I went on my first visit to Cuba about 8 years ago. I had therefore kept quite a few memories and impressions about this first experience and was eager to see how things had changed. Well, the good news is that Cuba did change, mostly for the better when you are a tourist. Yet some stereotypes and reputations are tough to get rid, so here is a few of these misconceptions to watch for, especially if you intend to travel to Cuba in a near future.
I) It is expensive : Yes, if you do go on a trip as an all assisted tourist, Cuba will be expensive. Yet, if you lodge in private houses (casas particulares), eat in moderately priced restaurants and use the public transportation system (or bargain taxi rides), it will be no more expensive than a trip to Mexico or Turkey. If you can live outside of the all inclusive and luxury world, Cuba can actually be quite a cheap destination. We were able to remain within our daily budget and with some efforts (food being the key variable), a spending of US$ 40-50 per day per person is possible (all costs included except airfare).
A loaf of bread will cost you only a few cents, yet don’t expect welcome looks from the bakers.
II) Moving around is not easy : A lot of improvement on this front as you can nowadays pretty much go to any city in Cuba with either buses, rental car or planes. We used mainly the bus system since rental cars were out of our budget (about $75 a day). Buses were modern and stuck to the timetable. There are roughly one to three of them going to the main cities of the country daily. Fares are very moderate since the 900 km separating Havana from Santiago will cost you only US$ 51. It is also a great way to discover the amazing sceneries though you’ll be mostly surrounded by fellow tourists. Note that you’ll have to make sure your luggage is well locked-up since one of our pair of shoes mysteriously disappeared in one of the bus rides. As for travelling around the city, your best bet will be taxis or ricksaws which result quite cheap (negotiate the fare before you board the cab).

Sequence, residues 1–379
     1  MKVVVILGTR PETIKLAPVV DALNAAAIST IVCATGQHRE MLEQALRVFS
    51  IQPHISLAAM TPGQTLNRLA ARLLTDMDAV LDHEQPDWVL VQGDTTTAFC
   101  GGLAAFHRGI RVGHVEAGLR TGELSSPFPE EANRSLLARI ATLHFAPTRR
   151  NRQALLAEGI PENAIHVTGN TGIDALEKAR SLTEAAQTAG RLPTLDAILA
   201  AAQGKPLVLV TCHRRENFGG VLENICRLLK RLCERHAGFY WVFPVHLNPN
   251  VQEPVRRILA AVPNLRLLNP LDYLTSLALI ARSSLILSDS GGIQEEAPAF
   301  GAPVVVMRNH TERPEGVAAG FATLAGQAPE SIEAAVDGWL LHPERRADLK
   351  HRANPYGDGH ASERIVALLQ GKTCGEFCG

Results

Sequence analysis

A ride in a classic 50’s American car might result expensive, yet a fare in a Russian Lada will be affordable. As for the Lady Gaga in the car, she (he) will be out of your financial reach. Luckily.
III) Food is bad : This is probably the biggest improvement I have noticed since my last visit. We really thought we would not eat well here. To the opposite, it has actually been the best food experience since we started our trip (sorry Mexico and Turkey). A lot of private owned restaurants and cafeterias have opened. Of course, tourists get access to a range of products that are not availabe to Cubans due to their high prices. Still, if you like shrimp and lobster, you’ll get it very cheap in private houses and most main plates prices range from $3 to $5 in average restaurants. This being said, if you plan to stay for more than 2 weeks, expect the boredom to step in quickly due to lack of restaurants variety.
Still don’t like the food ? It gets worse with the local Coke version, the TuKola…
IV) Tourists are under watch: Compared to my previous experience, I felt that Cuban were less fearful talking to tourists than eight years ago. Of course, the political police still exists and every time you engage conversation with a Cuban, someone will notice and probably take note. Yet it was easier to interact with Cuban and once some trust was established, some interesting “off the record” conversations took place. While contact with Cubans is easier, it also means that you’ll be constantly called on by cab drivers and people trying to sell you cigars, artwork or their mother. I really got the impression to have the $ sign written all over my face and 95% of the “Where are your from?” or “Hola amigo” had the obvious goal to get some money from us. It did get very tiring by the end, though evidently understandable due to the low standard of living in Cuba.
I did get a nasty look from this government official when taking this shot, yet unless you are in a prohibited zone, you won’t risk anything by taking pictures in Cuba.
5) Things will change when Fidel dies : as photographers, we kind of all wish that Fidel will die while we are visiting Cuba. Imagine the great opportunity to document this once in a life time event. Well, it did not happen eight years ago, nor did it this time. Indeed, the old man is tough to kill and don’t expect a sudden uprise once he goes to Heaven (… or Hell accordingly). Indeed, many Cubans do support the current government and Fidel’s brother, the “young” 81 years old Raul is next in line. Change will come to Cuba, yet it will most probably be very slow and gradual.
Volveran … “they’ll be back” as advertised in this revolutionary billboard.